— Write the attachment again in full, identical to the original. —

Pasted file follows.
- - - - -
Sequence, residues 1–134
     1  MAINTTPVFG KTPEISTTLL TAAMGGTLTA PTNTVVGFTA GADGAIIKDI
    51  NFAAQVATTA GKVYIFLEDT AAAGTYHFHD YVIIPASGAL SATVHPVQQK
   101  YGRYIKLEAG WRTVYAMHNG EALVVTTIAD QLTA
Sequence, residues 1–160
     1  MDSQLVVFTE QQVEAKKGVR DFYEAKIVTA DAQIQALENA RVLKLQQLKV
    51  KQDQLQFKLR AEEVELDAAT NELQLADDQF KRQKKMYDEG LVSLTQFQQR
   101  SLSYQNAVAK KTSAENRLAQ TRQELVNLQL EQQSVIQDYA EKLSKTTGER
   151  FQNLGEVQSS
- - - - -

Sequence, residues 1–134
     1  MAINTTPVFG KTPEISTTLL TAAMGGTLTA PTNTVVGFTA GADGAIIKDI
    51  NFAAQVATTA GKVYIFLEDT AAAGTYHFHD YVIIPASGAL SATVHPVQQK
   101  YGRYIKLEAG WRTVYAMHNG EALVVTTIAD QLTA
Sequence, residues 1–160
     1  MDSQLVVFTE QQVEAKKGVR DFYEAKIVTA DAQIQALENA RVLKLQQLKV
    51  KQDQLQFKLR AEEVELDAAT NELQLADDQF KRQKKMYDEG LVSLTQFQQR
   101  SLSYQNAVAK KTSAENRLAQ TRQELVNLQL EQQSVIQDYA EKLSKTTGER
   151  FQNLGEVQSS